With Telecommuting Ban, Mayer Dulls Yahoo's Cutting Edge Further - Page 2
Mayer's ban, beginning in June, not only affects employees wishing to make future arrangements; it also ends telecommuting for those who've had previous arrangements, for whatever reason. According to AllThingsD, Yahoo! managers say there is almost no wiggle room on this one, either. The word is loud and clear - come June, be physically at your desk or expect to be fired.
Many employees of Yahoo!, including those whose contributions have been important to its continued operation and future evolution in a competitive environment, are bewildered, as they were given flexibility to work from home when they joined Yahoo! years ago.
There's a variety of reasons people may have to work from home, including caring for an elderly live-in parent or physically or mentally challenged adult dependent child. Some have personal physical or mental challenges that make it easier to work alone or from home. Some employees of Yahoo!, like many who choose a job far away, simply cannot get out from under an inflated mortgage in a depressed real estate market.
Expect a wave of attrition at Yahoo!, as some of their most important employees are lured by forward-looking companies using cutting-edge technologies to build a close tribe across great distances. Perhaps Mayer foresees this move, and expects to be able to fill those empty seats with individuals who don't mind coming in to the office every day — particularly for any future fun perks the CEO wishes to put in place.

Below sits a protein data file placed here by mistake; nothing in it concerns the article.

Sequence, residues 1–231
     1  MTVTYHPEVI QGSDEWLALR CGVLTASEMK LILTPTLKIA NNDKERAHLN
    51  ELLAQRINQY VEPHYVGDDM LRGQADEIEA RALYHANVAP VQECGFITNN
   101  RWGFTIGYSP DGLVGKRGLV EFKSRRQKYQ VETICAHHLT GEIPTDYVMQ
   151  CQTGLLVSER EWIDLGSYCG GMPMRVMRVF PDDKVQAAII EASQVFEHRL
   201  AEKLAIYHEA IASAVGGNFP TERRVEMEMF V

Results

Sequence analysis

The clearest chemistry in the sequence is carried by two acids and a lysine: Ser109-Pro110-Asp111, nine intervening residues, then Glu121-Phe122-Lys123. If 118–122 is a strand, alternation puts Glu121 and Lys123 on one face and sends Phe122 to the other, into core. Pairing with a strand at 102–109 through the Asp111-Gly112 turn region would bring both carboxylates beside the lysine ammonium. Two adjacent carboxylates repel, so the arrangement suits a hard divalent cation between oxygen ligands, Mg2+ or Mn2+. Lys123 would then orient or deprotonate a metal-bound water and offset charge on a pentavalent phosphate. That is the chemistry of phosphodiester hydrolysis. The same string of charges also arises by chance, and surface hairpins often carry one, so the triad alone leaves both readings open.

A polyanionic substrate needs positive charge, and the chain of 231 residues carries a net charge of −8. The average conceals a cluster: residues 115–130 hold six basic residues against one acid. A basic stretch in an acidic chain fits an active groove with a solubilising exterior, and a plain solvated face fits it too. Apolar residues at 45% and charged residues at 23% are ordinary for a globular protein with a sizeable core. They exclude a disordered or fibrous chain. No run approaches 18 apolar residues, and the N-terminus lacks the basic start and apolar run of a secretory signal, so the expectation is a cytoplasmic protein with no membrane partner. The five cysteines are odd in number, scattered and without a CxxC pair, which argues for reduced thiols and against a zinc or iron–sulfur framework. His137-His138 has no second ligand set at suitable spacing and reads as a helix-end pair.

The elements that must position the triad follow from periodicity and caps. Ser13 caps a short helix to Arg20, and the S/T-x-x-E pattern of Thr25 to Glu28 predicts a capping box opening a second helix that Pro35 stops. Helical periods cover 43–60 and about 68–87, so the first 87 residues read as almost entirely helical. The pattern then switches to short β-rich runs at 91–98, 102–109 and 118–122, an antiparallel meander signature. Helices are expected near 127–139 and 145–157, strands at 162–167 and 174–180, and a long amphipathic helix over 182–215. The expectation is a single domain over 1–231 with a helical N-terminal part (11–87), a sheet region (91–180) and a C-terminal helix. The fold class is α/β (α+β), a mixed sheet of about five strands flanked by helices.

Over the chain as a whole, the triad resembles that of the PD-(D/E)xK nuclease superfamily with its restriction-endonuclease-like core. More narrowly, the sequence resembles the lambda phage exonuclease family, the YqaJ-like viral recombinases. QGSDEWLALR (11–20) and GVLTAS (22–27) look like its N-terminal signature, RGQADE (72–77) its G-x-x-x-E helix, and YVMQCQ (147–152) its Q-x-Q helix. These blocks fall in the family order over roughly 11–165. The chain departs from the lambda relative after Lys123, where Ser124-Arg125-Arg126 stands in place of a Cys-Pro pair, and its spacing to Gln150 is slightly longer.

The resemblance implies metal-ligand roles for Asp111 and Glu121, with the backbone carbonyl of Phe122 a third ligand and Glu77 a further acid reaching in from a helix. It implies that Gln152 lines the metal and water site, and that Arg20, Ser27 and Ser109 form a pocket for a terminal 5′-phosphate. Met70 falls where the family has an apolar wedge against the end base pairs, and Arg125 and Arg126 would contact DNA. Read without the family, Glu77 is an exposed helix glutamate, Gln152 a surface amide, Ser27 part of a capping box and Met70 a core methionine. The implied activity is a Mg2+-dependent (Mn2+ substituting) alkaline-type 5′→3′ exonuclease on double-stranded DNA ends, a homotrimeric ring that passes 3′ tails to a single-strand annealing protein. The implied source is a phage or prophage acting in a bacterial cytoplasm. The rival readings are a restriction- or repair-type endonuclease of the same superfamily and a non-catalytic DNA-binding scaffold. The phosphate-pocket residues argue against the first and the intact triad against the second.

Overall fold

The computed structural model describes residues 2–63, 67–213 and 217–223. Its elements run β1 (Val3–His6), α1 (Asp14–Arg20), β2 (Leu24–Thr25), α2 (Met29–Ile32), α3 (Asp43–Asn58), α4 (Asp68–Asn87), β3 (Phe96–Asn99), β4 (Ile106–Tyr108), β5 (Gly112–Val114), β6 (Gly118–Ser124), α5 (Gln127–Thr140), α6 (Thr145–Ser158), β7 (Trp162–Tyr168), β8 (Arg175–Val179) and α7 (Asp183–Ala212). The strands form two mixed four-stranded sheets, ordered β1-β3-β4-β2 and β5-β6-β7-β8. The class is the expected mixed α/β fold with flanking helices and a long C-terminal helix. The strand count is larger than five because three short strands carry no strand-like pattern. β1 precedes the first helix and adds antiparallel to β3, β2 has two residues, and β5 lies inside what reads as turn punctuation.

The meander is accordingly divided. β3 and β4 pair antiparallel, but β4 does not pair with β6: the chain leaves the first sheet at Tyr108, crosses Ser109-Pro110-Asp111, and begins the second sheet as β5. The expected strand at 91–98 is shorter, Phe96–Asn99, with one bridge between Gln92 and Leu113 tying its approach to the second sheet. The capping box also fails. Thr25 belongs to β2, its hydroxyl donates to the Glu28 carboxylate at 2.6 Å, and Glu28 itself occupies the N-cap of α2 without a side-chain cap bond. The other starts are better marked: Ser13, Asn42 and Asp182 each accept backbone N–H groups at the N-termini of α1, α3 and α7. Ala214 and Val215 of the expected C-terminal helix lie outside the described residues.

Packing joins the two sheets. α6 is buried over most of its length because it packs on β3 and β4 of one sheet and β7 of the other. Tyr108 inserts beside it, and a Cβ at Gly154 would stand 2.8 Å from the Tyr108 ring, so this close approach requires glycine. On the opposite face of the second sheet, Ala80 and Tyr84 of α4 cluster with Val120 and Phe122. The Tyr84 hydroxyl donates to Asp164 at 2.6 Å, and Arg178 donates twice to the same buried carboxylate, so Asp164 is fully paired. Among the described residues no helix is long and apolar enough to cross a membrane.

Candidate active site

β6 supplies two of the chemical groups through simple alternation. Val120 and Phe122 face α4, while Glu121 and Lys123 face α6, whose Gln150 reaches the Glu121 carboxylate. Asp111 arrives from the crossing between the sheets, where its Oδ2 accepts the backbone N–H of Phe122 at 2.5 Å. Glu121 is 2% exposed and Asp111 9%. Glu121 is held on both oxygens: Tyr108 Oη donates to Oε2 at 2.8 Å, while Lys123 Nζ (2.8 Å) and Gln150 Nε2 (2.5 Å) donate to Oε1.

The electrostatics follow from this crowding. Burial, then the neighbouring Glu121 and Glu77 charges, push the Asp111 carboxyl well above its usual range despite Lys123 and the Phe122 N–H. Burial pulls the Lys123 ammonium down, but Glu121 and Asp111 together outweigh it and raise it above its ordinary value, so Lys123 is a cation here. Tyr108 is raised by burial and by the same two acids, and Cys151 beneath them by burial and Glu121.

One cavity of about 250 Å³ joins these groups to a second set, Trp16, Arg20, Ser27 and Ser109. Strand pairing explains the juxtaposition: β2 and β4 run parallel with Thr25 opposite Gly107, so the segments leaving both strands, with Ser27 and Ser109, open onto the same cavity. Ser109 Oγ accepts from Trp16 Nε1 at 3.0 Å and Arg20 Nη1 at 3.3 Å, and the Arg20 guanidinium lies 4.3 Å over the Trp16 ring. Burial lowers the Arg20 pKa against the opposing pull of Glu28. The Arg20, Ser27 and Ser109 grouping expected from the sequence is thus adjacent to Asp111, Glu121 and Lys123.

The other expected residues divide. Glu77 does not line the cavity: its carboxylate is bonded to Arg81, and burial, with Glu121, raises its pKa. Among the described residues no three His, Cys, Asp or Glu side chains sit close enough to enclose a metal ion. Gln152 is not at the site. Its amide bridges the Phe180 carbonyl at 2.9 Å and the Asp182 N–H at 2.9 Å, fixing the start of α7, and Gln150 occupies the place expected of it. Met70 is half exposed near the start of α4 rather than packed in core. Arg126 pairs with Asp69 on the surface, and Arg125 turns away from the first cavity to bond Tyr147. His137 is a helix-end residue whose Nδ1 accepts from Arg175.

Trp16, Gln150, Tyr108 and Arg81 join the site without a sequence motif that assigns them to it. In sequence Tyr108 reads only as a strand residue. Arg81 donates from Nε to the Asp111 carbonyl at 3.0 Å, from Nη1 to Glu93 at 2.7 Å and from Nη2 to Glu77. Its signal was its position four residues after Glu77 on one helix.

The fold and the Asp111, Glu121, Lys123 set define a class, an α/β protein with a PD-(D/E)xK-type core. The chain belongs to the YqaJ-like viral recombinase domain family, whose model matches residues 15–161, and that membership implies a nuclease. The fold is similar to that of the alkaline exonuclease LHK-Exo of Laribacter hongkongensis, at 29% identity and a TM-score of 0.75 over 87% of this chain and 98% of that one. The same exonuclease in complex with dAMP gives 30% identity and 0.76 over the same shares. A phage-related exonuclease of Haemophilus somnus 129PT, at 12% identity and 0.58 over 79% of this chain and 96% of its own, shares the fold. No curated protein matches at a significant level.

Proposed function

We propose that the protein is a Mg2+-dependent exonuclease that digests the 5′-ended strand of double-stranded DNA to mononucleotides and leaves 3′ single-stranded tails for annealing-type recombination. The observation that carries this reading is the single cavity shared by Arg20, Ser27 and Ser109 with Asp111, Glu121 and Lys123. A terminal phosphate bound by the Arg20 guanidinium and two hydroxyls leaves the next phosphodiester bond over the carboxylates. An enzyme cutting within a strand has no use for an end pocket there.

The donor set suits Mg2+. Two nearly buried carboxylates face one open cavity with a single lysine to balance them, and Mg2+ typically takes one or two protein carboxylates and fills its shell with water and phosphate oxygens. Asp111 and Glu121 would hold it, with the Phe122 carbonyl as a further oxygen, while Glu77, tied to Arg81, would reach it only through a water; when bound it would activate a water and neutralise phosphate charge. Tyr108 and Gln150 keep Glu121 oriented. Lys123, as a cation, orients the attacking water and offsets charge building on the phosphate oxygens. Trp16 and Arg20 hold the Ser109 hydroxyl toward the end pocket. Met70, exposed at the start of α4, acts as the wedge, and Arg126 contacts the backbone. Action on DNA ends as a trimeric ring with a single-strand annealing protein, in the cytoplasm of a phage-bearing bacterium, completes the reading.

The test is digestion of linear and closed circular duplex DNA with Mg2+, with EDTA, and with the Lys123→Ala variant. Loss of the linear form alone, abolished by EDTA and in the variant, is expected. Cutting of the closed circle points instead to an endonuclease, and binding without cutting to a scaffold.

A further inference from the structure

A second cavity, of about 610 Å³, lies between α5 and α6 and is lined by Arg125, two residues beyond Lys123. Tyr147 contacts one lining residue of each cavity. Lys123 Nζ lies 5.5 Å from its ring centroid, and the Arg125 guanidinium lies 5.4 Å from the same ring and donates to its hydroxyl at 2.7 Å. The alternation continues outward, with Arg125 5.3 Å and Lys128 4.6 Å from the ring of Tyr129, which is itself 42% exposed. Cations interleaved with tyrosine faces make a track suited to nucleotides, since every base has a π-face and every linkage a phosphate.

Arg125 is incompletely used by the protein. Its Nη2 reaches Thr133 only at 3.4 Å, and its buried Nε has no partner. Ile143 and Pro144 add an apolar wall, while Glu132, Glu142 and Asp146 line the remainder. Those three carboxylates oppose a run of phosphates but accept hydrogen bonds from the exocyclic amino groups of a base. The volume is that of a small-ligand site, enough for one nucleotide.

Maybe Yahoo! CEO Marissa Mayer has all of her life's loose ends sewed up tight. A great daycare or a reliable nanny. A driver and company car. A private jet or two. Maybe she juggles it all personally - a hands-on wunderkind, albeit with a touch of hypocrisy — after all, Mayer took only a two week maternity leave followed by a period of telecommuting during her transition to her new position.
Mayer is trying to put together a 21st Century technology company using 19th Century workplace mentalities. If Mayer doesn't embrace new concepts for managing Yahoo!'s team (and loses too many critical employees), the new CEO just might oversee her former competition's continued downward spiral.
That well-known exclamation point at the end of the search and tech services company's long-held name? It's starting to look a lot more like a question mark these days.